The Role of Long-term Loans for Economic Development: Empirical Evidence in Japan, Korea, and Taiwan
The purpose of this paper is to investigate whether long-term funds had a positive impact on investment in Japan, Korea, and Taiwan. When there exists a possibility of a liquidity shortage, the firm's investment decision tends to be conservative. Thus, to the extent that the long-term debt makes the liquidity shortage less likely outcome, long-tern loans can have a positive impact on investment. In the first part of this paper, we estimate Tobin's Q type investment functions of Japanese firms for two different sample periods. In 1972-84, we find that the long-term loan ratio had an additional positive effect on investment. However, in 1985-96, we cannot find that a higher ratio of long-term loans increased the Japanese firm's investment. The result indicates that the size of long-term loans had a great influence on the firm's investment only at the early stage of the financial market development in Japan. In the second part of this paper, we estimate investment functions of Korean and Taiwanese firms in the late 1990s. In the late 1990s, Korea experienced a serious crisis, while the decline of Taiwanese economy was relatively moderate. We, however, find that the long-term debt ratio had a significantly positive impact on the investment in both countries. The result indicates that long-term funds might have mitigated the decline of investment regardless of the magnitude of the crisis.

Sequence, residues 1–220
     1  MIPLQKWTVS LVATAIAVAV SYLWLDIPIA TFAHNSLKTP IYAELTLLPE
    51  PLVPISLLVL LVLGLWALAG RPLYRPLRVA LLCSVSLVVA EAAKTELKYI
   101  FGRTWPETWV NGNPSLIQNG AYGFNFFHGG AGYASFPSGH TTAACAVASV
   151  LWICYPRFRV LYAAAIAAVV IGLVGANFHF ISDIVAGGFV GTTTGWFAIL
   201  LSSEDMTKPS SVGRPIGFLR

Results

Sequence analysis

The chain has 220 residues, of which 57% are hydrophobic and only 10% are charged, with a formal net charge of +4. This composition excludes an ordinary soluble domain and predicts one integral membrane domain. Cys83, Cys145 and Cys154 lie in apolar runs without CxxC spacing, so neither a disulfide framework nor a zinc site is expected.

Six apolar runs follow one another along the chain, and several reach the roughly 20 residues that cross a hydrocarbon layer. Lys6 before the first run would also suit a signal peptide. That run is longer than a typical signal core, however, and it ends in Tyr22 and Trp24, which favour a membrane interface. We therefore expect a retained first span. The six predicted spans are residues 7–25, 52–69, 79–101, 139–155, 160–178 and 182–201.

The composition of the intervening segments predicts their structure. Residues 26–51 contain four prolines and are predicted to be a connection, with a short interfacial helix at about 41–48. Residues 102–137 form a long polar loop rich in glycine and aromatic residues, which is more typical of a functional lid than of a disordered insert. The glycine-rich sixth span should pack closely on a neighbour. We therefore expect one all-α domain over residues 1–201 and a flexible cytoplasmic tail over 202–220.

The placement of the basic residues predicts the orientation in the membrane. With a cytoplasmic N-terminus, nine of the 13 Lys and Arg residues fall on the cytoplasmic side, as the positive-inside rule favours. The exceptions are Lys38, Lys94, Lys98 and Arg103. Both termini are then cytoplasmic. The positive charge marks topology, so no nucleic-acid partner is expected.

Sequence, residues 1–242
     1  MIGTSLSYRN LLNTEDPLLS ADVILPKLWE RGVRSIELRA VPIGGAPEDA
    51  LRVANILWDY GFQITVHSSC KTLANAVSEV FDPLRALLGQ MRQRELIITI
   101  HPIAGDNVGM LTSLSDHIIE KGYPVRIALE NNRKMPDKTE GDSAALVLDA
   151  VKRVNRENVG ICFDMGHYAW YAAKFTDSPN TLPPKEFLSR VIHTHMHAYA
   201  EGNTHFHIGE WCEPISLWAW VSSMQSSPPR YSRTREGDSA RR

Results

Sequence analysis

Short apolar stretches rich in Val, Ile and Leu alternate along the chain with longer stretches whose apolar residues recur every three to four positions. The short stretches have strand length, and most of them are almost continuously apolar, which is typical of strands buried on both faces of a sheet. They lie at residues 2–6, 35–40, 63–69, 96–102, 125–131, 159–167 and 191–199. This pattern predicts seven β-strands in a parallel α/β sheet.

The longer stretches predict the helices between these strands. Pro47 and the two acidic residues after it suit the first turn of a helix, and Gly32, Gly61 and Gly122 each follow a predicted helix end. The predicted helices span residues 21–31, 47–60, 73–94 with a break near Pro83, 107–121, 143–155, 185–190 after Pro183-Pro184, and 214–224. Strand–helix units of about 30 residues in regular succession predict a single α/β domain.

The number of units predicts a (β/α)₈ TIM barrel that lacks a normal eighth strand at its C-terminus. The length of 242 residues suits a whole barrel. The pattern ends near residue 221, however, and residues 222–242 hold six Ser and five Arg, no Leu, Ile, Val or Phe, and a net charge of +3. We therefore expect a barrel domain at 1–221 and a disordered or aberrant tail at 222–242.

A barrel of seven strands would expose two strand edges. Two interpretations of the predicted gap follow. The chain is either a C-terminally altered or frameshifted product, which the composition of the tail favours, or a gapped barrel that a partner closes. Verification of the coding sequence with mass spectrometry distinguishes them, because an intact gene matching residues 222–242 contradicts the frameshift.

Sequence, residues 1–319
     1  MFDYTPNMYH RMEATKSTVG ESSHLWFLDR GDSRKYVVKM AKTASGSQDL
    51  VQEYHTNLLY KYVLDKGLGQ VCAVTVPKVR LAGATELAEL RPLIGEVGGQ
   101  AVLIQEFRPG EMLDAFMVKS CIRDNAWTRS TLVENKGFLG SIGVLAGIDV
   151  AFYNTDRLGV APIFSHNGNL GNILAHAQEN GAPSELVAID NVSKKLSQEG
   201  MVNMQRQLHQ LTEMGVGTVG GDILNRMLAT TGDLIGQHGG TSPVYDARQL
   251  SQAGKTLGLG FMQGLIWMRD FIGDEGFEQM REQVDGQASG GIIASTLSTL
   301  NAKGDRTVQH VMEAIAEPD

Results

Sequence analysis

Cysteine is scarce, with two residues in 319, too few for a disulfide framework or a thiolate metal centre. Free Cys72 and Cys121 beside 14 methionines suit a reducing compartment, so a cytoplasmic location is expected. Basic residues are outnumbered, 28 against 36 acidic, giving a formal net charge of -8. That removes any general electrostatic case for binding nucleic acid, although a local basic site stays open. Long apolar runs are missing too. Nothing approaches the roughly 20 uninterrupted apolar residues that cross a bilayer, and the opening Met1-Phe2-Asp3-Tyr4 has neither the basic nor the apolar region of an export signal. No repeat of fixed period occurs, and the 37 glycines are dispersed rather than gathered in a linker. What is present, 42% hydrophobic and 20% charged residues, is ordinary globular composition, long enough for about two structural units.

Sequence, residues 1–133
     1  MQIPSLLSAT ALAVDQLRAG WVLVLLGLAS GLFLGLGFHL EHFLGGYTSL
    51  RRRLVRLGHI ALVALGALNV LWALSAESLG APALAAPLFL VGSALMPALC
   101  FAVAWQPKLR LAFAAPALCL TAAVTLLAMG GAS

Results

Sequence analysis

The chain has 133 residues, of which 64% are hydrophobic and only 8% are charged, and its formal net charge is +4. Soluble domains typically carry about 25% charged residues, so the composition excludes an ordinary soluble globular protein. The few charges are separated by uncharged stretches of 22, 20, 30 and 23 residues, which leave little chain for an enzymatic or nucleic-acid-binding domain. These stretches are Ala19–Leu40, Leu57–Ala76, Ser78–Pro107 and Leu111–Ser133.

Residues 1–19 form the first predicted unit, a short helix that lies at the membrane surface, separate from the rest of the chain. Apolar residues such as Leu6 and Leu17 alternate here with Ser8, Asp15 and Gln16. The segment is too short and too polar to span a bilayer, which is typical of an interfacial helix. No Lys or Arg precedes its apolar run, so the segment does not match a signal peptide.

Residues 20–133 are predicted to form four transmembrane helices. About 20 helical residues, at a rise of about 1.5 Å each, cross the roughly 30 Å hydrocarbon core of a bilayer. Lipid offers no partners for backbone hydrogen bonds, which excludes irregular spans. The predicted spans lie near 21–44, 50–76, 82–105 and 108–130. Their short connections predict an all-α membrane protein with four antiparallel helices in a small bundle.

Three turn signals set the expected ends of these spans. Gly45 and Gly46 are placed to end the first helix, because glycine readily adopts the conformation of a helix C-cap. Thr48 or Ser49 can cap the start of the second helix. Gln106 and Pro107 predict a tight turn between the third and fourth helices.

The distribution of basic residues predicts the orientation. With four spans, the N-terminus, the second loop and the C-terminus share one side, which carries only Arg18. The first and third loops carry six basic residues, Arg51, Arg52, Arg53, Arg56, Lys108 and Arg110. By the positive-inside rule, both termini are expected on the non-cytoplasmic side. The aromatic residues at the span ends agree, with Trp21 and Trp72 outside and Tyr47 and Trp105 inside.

|Length:||34,  p.|
|Date of creation:||Sep 2001|
|Date of revision:|
|Note:||This paper was presented at the conference on Designing Financial Systems in East Asia and Japan: Toward a Twenty-First Century Paradigm. This two-day conference was co-organized by the International Monetary Fund and the CEI. It was held during September 24-25, 2001 at Hitotsubashi Memorial Hall in Tokyo, Japan. A select group of academics, researchers and policy makers from around the world gathered to examine the timely issue of how the financial systems and corporate governance in East Asia and Japan should be redesigned in order to achieve sustainable economic development. The conference included six sessions with 17 papers. All the presented papers were added to the CEI series of working papers. The series, as well as the contents of the conference, can be reached at http://cei.ier.hit-u.ac.jp., September 12, 2001|
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- Nouriel Roubini & Xavier Sala-i-Martin, 1991.
"Financial Repression and Economic Growth,"
NBER Working Papers
3876, National Bureau of Economic Research, Inc.
- Bencivenga, V.R. & Smith, B.D., 1988.
"Financial Intermediation And Endogenous Growth,"
RCER Working Papers
124, University of Rochester - Center for Economic Research (RCER).
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